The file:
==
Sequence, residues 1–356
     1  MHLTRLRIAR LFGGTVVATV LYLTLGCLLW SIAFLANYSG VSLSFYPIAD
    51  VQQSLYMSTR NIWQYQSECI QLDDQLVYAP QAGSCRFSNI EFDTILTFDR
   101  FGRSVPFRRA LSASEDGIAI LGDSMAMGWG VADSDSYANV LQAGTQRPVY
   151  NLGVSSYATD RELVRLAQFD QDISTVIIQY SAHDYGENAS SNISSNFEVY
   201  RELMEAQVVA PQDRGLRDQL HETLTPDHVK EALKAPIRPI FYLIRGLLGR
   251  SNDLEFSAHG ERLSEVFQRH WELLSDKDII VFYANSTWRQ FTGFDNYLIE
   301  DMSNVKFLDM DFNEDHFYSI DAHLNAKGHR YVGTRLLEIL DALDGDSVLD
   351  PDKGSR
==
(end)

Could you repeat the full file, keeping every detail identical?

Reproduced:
Sequence, residues 1–356
     1  MHLTRLRIAR LFGGTVVATV LYLTLGCLLW SIAFLANYSG VSLSFYPIAD
    51  VQQSLYMSTR NIWQYQSECI QLDDQLVYAP QAGSCRFSNI EFDTILTFDR
   101  FGRSVPFRRA LSASEDGIAI LGDSMAMGWG VADSDSYANV LQAGTQRPVY
   151  NLGVSSYATD RELVRLAQFD QDISTVIIQY SAHDYGENAS SNISSNFEVY
   201  RELMEAQVVA PQDRGLRDQL HETLTPDHVK EALKAPIRPI FYLIRGLLGR
   251  SNDLEFSAHG ERLSEVFQRH WELLSDKDII VFYANSTWRQ FTGFDNYLIE
   301  DMSNVKFLDM DFNEDHFYSI DAHLNAKGHR YVGTRLLEIL DALDGDSVLD
   351  PDKGSR